Running back Ray Rice, released by the Baltimore Ravens after video surfaced of him knocking his then-fiancee unconscious in a New Jersey casino elevator, apologized on Friday to the team and the city of Baltimore for the "horrible mistake I made."
Rice, arrested after the assault last February, spent his entire seven-year National Football League career with the Ravens and is now hoping another team will give him a second chance.
Rice made his apology in a statement addressed to "Dear Baltimore" and said it was not a farewell.
"To all the kids who looked up to me, I'm truly sorry for letting you down but I hope it's helped you learn that one bad decision can turn your dream into a nightmare," he said in a statement.
"There is no excuse for domestic violence and I apologize for the horrible mistake I made."
The assault on Janay Palmer, who is now Rice's wife, was a catalyst for the NFL strengthening its policies on domestic violence and sexual assault.
"I hope you can find it in your heart to forgive me, and I hope to make a positive difference in people’s lives by raising awareness of this issue," Rice said.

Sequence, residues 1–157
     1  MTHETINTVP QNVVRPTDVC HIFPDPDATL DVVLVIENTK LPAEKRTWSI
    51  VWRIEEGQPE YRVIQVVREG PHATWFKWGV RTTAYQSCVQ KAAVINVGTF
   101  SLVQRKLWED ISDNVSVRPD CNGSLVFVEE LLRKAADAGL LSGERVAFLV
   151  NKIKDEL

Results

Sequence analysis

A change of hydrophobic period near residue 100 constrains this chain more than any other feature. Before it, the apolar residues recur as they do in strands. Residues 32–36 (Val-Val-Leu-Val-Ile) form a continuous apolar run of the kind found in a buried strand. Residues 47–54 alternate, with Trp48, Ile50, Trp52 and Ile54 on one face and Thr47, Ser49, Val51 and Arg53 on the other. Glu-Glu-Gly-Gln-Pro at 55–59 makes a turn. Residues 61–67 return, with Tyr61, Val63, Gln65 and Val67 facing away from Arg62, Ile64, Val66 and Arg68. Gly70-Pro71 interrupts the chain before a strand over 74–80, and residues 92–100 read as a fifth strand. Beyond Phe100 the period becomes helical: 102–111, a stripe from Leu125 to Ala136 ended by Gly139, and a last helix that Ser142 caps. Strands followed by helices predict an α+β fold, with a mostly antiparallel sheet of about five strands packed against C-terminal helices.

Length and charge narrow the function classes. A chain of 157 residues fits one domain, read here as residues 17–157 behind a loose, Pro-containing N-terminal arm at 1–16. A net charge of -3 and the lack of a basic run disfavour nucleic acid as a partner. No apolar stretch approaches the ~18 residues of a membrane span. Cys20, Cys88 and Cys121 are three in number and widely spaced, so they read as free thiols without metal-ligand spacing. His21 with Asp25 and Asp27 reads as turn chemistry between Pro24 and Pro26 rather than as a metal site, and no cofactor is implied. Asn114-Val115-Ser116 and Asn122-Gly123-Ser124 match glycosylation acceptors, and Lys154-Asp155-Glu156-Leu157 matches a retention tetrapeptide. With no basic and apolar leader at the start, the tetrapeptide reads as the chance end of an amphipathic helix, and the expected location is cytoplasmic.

"The last seven years that my family and I have spent in Baltimore have by far been the best of our lives," he said. "From the bottom of my heart, I thank you all for the love and support you’ve shown my family and I throughout my football career."
Rice was a three-time Pro Bowl running back and a major reason the Ravens won the Super Bowl following the 2012 season.
NFL Commissioner Roger Goodell suspended Rice for two games for the altercation but suspended him indefinitely after graphic video surfaced from inside the Atlantic City elevator. At the same time Goodell suspended Rice, the Ravens cut him.
Rice had pleaded not guilty in May to a count of aggravated assault and was entered into a pre-trial intervention program for first-time offenders.
Although his suspension from the NFL was overturned, the 28-year-old Rice has yet to sign with another club.
"We’ll always be grateful for the love we’ve received from all of our fans and supporters, and for winning a Super Bowl," he said.
"I'll always be proud to say I played for the Baltimore Ravens."
(Reporting by Steve Ginsburg; Editing by Bill Trott)